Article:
Embassy of Heaven

What is the Embassy of Heaven Church?

 

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Incorporation Brings You Under the Law

The Embassy of Heaven Church has been called to separate itself from the State government. That's what makes us unique. We are not an extension of the State. We are separate. The State and the Church are two completely different governments. Someone might see a member of the Embassy of Heaven Church doing something that is not normal, like traveling without State license plates. They say, "Our church doesn't get to do that." That's right. Incorporated churches have agreed to abide by all the laws of the State. Otherwise, they'll lose their corporate charter. They have put themselves under the law and must obey the State, regardless of what the legislature does. The Embassy of Heaven Church has made no agreements with the State.6 2 Corinthians 6:14-17 Do not be unequally yoked together with unbelievers. For what fellowship has righteousness with lawlessness? And what communion has light with darkness? And what accord has Christ with Belial? Or what part has a believer with an unbeliever? And what agreement has the temple of God with idols? For you are the temple of the living God. As God has said: "I will dwell in them And walk among them. I will be their God, And they shall be My people." Therefore "Come out from among them And be separate, says the Lord. Do not touch what is unclean, And I will receive you." The Church has not bound herself under whatever regulatory bodies the legislature wants to establish.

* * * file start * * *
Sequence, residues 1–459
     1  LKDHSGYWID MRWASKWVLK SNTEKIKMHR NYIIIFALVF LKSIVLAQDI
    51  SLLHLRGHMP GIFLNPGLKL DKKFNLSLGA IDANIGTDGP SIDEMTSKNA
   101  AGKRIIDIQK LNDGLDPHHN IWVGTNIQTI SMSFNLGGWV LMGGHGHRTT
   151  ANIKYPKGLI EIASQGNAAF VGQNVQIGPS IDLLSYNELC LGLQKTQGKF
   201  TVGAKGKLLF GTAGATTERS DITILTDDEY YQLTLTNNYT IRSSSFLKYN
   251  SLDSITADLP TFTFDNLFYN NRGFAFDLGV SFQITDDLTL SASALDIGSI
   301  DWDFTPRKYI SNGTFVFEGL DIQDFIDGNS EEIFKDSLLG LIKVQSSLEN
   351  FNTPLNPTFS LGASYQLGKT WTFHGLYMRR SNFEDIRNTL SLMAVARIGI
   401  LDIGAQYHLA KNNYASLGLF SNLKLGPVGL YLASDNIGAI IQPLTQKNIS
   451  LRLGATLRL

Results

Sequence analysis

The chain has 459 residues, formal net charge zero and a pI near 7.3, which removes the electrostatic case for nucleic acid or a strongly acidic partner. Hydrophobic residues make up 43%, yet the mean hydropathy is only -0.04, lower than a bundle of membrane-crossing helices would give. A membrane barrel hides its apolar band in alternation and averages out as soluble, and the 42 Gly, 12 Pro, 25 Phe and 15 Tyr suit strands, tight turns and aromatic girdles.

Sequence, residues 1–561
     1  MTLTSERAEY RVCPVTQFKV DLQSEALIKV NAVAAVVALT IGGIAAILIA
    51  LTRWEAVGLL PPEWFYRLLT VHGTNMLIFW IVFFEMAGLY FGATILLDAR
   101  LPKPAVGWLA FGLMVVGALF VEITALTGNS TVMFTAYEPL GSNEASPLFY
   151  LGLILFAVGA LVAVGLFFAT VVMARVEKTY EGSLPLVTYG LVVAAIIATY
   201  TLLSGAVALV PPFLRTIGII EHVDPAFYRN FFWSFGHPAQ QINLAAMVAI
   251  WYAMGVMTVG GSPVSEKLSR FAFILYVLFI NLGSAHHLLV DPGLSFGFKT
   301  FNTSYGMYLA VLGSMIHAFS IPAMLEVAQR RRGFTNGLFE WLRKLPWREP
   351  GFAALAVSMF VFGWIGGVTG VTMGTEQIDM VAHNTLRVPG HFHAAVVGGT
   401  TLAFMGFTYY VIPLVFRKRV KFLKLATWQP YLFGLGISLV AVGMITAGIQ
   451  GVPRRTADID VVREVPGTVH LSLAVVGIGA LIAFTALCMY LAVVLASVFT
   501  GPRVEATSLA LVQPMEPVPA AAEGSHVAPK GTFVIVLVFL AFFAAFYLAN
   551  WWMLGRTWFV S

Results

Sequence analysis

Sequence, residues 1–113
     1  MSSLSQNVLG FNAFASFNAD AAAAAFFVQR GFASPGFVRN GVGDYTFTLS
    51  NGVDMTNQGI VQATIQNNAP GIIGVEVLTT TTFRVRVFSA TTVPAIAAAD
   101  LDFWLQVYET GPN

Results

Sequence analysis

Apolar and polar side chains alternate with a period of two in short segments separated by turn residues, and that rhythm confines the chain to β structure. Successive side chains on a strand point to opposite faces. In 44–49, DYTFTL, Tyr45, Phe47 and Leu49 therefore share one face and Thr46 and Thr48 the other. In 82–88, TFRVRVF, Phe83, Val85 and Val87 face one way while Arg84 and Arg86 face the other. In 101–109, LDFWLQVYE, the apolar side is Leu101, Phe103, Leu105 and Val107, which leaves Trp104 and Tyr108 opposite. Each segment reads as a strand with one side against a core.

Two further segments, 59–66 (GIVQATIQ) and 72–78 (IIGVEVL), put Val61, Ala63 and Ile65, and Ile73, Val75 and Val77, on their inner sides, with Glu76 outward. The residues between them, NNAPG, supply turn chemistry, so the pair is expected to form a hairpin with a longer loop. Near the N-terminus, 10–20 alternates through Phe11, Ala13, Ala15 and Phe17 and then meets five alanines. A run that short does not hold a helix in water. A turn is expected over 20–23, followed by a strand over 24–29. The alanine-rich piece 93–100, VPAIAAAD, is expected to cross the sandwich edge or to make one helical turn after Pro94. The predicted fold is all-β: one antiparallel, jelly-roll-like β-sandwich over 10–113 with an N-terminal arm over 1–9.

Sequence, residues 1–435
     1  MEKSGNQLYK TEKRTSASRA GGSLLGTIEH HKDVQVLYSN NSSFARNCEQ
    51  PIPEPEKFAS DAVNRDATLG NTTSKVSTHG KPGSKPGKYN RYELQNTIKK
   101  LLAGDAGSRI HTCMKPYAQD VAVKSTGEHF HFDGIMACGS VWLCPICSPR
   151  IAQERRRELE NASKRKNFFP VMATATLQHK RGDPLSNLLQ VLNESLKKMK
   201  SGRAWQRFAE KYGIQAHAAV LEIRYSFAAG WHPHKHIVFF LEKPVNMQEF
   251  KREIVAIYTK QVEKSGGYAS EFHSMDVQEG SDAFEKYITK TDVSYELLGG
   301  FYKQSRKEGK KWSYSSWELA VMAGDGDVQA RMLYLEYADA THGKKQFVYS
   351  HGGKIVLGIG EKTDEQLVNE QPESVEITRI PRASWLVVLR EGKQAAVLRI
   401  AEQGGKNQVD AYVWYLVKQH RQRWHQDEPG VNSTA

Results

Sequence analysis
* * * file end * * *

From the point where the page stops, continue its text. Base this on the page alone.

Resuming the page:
I think we need a definition of government. All governments are formed by two or more gathering together for a common purpose. I think that would be a legitimate definition. When the State of Oregon formed their government they referenced a group of people as "We the People." Now when they said "We," they didn't mean everybody, just those who considered themselves as "We the People." They came together for common purpose and wrote a constitution. They also empowered a legislature to write bylaws. These bylaws are also known as statutes. The State also provided for incorporating into that body. In other words, municipalities, businesses and nonprofit organizations could become one body with the State, united under a common purpose.

Today, almost all the churches have incorporated into the body of the State. The State churches, let's name them, Lutheran, Methodist, Assembly of God, Seventh Day Adventist, Catholic, and all the other denominations out there, have incorporated and become a part of the State body. That's why if you become a member of one of those State churches, you've already agreed, by your membership in that church, to abide by the State laws and to settle controversies according to State methods.

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